This book takes us back to the Battle School events in Ender's Game, but retold from the perspective of a secondary character, Bean. You may wonder why you would want to read the same story again, but the manner in which it is written is excellent and at no point did I feel like I was going over old material. The back-story of Bean is gone into in detail which introduces new, interesting characters. The story from when he arrives at Battle School is very much Bean's and the author has ensured that Bean develops his own identity in the school and his own story before even meeting Ender.
This is the first in the "Shadow" series and of the five Enders books I have now listened to, this is just behind Ender's Game which is firmly the best. OSC uses his monumental skills to tell another great story, with great character, plot and dialogue. The narration team are as always exemplary.
You do not need to have read the Ender's series first, but I would strongly recommend it.
I didn't particularly enjoy this book when I read it. But this is an example of how excellent narration can improve the whole audiobook experience. The different voices are excellent and work well together, adding an extra dimension to the book and making me wish my commute home from work took longer. I don't know how this was recorded but the quick interchange between voices at times sounds very real as though they were having a direct conversation. The occasional use of music adds to the atmosphere.
This book is a perfect example of what an audio book should be and I hope that the same excellent production is in place for the rest of the Ender series of books.
"A "parallax" novel of Ender's Game"
Story: This is an interesting story, basically retelling Ender's Game from one of the supporting character's view. Bean is by far my fave from Ender's Game, so a whole book devoted to him? I'm in there :) His back story is fleshed out, and Bean is far more aware of the whole political dynamic, which gives a whole new flavour to the story. So whilst you know exactly what happens, there's enough new material for those who are familar with Ender's game; but for those who haven't read it; it's self contained enough that it shouldn't need the knowledge of what's coming to make sense.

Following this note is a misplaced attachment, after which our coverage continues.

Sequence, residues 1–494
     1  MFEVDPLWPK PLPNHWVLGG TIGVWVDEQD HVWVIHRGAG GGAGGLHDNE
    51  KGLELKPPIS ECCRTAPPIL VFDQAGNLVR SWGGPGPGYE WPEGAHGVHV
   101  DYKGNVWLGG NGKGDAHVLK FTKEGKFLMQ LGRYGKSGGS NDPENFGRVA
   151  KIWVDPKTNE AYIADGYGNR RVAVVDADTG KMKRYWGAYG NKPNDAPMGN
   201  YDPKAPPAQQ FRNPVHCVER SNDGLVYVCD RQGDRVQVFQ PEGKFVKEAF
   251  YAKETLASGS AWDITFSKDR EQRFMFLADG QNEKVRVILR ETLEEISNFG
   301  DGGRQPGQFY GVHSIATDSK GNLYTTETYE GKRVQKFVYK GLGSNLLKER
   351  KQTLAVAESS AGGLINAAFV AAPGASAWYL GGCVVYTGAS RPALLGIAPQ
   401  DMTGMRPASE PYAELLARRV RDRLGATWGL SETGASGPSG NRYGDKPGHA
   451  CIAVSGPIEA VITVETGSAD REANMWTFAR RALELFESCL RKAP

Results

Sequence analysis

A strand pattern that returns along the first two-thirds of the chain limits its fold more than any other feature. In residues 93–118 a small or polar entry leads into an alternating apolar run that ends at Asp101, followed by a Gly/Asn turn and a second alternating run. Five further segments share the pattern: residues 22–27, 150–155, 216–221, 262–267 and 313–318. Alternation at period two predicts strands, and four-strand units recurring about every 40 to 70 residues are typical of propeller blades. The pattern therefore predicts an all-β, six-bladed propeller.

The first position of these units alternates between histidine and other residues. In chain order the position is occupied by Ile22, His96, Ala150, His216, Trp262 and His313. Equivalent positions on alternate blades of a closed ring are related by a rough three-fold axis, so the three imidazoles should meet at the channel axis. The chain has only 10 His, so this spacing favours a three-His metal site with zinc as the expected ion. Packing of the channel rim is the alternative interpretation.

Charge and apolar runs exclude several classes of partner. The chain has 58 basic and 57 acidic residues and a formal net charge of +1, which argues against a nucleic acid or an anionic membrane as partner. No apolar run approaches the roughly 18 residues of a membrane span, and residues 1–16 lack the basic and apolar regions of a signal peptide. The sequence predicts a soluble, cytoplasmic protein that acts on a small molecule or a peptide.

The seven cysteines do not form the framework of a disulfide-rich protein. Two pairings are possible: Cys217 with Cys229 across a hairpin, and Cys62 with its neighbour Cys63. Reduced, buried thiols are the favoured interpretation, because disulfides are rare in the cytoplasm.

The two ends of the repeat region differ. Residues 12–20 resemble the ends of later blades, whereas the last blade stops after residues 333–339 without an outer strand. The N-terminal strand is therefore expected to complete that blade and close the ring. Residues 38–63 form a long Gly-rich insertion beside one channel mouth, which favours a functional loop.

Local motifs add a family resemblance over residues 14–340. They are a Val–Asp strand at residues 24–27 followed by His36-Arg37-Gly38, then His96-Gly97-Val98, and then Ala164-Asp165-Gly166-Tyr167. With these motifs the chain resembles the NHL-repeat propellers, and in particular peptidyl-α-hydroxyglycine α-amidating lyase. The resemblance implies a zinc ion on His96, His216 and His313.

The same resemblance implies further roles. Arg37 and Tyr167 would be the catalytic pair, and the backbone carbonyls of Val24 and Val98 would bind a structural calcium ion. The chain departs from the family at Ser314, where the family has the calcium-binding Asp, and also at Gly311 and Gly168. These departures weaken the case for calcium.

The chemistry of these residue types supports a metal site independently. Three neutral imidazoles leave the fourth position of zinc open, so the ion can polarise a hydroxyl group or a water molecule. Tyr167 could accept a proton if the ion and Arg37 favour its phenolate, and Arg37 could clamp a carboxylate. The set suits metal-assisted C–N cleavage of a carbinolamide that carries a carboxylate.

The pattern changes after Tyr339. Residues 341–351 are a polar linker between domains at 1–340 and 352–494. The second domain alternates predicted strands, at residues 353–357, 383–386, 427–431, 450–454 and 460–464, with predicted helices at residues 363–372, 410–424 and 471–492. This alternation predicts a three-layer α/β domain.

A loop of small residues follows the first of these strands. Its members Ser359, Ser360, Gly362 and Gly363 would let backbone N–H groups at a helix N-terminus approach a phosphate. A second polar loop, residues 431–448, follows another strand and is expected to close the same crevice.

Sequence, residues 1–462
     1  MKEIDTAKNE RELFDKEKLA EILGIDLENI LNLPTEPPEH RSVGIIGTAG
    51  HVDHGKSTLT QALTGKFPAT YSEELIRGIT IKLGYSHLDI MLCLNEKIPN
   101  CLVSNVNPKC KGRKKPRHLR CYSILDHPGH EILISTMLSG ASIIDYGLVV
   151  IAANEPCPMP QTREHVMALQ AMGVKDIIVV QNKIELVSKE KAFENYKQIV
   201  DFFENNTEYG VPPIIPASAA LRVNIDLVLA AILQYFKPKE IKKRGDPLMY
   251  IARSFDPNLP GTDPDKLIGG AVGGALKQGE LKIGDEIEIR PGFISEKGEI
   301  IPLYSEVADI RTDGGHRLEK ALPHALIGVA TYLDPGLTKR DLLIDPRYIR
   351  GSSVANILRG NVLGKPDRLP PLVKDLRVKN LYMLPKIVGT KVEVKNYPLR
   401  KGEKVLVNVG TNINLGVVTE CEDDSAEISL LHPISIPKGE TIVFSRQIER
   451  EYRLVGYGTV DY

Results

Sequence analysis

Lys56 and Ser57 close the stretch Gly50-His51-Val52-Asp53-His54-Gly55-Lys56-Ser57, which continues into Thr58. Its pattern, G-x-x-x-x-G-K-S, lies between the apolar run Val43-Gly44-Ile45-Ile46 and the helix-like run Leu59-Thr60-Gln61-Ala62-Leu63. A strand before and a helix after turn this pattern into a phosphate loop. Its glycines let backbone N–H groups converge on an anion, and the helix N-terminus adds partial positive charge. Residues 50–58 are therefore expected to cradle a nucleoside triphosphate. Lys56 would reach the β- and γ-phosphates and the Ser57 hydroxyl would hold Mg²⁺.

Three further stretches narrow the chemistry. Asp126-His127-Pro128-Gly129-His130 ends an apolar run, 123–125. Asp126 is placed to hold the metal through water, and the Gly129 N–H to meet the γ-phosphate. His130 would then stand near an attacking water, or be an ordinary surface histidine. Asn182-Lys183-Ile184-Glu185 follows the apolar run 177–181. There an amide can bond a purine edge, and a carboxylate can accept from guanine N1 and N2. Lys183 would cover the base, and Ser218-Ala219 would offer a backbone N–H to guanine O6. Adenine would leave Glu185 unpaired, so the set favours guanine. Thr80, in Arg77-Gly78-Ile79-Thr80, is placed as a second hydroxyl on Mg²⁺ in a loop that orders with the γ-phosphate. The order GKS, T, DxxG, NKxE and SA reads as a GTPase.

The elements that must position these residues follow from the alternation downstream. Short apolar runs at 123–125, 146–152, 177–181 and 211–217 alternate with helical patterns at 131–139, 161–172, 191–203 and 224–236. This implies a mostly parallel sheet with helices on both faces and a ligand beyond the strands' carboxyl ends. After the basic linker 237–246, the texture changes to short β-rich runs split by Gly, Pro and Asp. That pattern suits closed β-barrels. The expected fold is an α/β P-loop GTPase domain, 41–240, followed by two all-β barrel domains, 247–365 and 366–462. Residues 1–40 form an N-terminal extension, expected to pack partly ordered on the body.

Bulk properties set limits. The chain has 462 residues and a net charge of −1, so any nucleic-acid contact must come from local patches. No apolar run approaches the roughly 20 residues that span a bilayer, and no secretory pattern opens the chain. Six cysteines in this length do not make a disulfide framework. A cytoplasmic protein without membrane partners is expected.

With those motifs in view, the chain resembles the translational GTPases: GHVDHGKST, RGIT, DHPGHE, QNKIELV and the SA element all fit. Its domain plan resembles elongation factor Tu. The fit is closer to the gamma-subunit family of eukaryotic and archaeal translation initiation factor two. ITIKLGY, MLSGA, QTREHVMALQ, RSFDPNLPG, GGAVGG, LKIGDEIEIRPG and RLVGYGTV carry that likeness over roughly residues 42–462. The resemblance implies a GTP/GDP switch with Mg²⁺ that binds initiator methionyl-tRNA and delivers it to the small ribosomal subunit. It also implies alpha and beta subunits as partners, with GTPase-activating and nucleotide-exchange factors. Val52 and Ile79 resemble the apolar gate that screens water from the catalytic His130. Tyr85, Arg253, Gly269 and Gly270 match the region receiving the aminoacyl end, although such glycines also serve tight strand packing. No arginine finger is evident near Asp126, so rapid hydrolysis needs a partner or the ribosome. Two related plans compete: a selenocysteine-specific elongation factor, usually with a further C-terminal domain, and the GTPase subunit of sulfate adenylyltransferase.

Audio: The full cast recording, was more like "three cast parts". But it really worked: the dialogue between Graff and Sister Carlotta was excellent, in particular. I had a bit of a flub at the end, where the audio seemed to skip back half a chapter, but then it carried on without any issues. Excellent narration.
"Good story but not as good as Enders Game"
The desperate struggle of a boy who feels totally abandoned and alone to stay alive and win at everything he does.
No, not as gripping as Ender's Game
"Could of been better."
The best things I like is the new look at the story outside of Enders point of view, quite often something that only films can do, so it is well worth listening to Ender's Game and then this book.
The bad parts are the religious links as I found them irritating, at first I only thought that they were there because of a Nun character and was willing to accept this as she was a part of the development with the story, but then as time went on the book started to drop links in all over the place more often, taking you away from the story and more in to religious philosophy from time to time. Even characters that showed no religious views in Ender's Game started to drop in quotes from the bible, thus making no sense from a character development point of view.
Hard to answer without, spoilers :) but needless to say I felt it undermines the ending of "Ender's Game"...
Funny in this case, but the stars of Ender's Game.
I feel, I have more negative to say than good, maybe the reason for the 3 stars I think, but I would still like to add that even with the bad points I still really enjoyed the book, I nearly gave it 4 stars, but couldn't as to top it off the recording did not match the chapter selection in my audible app for windows 8 and edits were clearly noticeable.
"I liked it but..."
I would have liked to see much less of the religious connections and bible quotes. Occasionally they moved the story on but at times - for me- they got in the way.
Beans back story was interesting. I enjoyed matching the back stories of Ender and Bean and seeing how they form the boys and the resulting outcomes of nurture and nature translate into them as commanders.
I would have defiantly miss the fun and excitement of following Bean, He is such a good character
worth listening too and relaxing .
The three stars is because of two things one was that the recording switched back half a chapter towards the end of the book, Not sure what happened but it certainly interrupted the 'flow' of the story .
The second was the religious links that I found irritating because they were happening along far too often and took me out of the story. Im not sure I will read/buy another of his books as i do not want to experience that again. This is a shame for me as I enjoyed most of his writing, pace, good ideas and character development.